Having an encounter with a homeless guy was odd enough, but looking back down to where our car was parked I noticed a collection of half a dozen cars parked just out of view about 100yds past where we'd left the van. An equal number of men were walking about, conversing, and looking like they had some plan of action in mind as they buzzed about the landscape. There was no home, no buildings of any kind, no vegetation save for the harsh native scrub. It looked almost like a drug deal or some other nefarious activity was taking place below us. This wouldn't go over well if Mom knew I was taking Annie into such a local knowingly or otherwise. I kept on eye on them, but didn't bring it to Annie's attention. She had enough on her mind just trying to get to the top.
From the water tank the road turned to dirt and had not been driven on in years judging from the brush growing on it. Despite a mild amount of bushwhacking to get through the sock-attacking thistles and thorny grasses, Annie was a trooper and managed her way to the top. The summit area was broad, much of it bulldozed flat, and there was a great deal of junk everywhere. I have never seen a more trashy summit. There was almost every conceivable type of junk to be found in one pile or another - old appliances, cars, trucks, construction equipment, run down buildings, a tractor, several busses, generators, a trailer, even children's toys. It's possible the trailer was occupied, so I didn't want to spend any time looking around much. We wandered over to what looked like the highest rocks and climbed them, declaring our hike a success. Perhaps a little too soon.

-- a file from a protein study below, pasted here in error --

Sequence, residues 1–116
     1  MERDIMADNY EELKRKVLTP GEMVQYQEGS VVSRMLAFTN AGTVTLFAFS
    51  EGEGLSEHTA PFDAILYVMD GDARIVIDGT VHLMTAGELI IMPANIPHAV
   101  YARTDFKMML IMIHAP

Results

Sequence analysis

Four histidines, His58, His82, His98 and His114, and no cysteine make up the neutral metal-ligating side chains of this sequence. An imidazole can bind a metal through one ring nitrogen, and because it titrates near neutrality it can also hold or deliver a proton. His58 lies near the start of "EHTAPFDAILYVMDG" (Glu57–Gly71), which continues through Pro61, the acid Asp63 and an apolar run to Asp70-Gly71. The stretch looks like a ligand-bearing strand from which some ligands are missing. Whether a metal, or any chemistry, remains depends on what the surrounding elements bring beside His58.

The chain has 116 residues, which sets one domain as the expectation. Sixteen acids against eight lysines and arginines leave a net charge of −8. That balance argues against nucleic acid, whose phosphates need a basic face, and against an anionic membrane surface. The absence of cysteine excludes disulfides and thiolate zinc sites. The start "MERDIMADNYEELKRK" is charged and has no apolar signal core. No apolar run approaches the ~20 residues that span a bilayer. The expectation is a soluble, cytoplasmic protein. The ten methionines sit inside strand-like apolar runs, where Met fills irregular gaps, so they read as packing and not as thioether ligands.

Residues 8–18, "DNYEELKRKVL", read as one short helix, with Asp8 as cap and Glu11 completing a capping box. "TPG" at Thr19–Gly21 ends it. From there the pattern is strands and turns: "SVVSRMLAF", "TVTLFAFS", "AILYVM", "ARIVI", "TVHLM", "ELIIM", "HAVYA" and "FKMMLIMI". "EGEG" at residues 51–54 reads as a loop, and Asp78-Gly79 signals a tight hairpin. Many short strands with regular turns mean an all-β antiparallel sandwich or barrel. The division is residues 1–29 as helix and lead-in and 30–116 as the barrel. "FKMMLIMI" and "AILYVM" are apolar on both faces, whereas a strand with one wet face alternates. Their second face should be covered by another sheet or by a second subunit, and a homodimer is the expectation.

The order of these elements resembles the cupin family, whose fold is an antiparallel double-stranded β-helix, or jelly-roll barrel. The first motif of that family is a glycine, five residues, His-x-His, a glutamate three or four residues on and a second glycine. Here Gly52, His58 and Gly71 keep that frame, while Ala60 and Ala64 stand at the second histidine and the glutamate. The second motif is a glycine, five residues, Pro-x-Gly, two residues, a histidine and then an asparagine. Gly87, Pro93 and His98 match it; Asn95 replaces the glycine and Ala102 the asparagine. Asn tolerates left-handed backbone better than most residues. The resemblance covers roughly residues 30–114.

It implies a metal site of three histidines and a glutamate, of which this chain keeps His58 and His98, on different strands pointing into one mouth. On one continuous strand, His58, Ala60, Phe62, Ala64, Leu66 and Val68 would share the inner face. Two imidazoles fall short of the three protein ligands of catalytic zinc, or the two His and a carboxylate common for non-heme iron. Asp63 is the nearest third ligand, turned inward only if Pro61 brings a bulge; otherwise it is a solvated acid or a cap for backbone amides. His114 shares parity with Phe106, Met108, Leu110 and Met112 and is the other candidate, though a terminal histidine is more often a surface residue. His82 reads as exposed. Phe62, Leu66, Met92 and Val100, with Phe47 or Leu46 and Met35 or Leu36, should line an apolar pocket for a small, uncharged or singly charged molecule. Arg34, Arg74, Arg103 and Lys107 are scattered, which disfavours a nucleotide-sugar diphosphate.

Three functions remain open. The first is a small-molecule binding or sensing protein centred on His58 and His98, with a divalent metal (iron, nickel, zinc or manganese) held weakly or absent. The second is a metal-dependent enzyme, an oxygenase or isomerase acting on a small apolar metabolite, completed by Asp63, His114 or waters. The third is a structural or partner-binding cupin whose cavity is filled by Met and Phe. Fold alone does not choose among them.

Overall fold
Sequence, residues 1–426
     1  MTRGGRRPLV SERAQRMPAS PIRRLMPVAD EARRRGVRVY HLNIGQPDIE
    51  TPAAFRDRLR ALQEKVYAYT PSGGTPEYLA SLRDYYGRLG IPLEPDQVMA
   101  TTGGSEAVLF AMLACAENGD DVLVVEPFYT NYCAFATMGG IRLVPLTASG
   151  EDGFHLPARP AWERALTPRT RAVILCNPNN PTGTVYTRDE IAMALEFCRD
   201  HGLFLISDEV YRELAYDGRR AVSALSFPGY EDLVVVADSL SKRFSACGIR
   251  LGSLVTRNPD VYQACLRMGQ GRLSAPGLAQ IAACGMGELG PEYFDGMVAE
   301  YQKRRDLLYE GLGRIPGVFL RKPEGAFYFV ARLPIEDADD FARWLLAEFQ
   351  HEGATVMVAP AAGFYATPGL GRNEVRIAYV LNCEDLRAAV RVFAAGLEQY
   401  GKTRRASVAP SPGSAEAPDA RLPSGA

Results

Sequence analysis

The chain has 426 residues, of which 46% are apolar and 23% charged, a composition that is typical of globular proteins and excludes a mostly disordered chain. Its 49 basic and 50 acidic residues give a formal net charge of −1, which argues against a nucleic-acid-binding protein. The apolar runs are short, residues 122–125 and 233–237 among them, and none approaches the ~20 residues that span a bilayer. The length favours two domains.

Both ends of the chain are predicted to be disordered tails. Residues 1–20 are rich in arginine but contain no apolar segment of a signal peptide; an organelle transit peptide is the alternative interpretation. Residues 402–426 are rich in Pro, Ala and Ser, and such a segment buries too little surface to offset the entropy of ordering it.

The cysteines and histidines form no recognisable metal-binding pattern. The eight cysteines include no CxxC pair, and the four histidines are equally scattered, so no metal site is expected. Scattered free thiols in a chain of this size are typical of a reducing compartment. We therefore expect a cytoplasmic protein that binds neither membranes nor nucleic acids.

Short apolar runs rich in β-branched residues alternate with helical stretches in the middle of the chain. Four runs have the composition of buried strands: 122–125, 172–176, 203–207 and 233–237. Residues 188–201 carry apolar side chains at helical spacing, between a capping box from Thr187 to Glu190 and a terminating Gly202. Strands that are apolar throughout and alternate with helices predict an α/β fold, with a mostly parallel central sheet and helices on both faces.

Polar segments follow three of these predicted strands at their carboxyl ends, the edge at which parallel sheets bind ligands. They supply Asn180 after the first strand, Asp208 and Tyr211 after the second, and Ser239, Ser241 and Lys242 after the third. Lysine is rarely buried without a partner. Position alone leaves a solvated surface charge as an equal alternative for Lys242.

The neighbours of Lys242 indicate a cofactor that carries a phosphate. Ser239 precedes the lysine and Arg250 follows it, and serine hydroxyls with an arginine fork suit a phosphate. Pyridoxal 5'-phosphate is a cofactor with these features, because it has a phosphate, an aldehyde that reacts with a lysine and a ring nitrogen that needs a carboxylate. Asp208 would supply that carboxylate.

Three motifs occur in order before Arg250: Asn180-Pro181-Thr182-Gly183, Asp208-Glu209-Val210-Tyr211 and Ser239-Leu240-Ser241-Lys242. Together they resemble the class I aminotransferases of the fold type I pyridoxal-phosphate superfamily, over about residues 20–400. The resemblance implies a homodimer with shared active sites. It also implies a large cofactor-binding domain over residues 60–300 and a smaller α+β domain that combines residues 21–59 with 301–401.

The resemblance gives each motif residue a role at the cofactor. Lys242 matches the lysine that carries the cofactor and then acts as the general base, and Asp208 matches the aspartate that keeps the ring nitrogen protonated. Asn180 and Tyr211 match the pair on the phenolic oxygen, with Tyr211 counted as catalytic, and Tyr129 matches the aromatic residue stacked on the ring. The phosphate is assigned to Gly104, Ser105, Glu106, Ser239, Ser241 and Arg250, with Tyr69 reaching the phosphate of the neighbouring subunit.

Just as we were leaving the summit, Annie, following just behind, let out a very loud scream. I turned around to see her in a panic and could hear the buzzing of one or more bees. I guessed she might have been stung, but didn't think that was a good place to examine her. I grabbed her and carried her out of the rocks thinking we may have passed too close to a hive. Out of harms way, I examined her neck and removed a bee stinger that was still attached to where the bee had attacked her.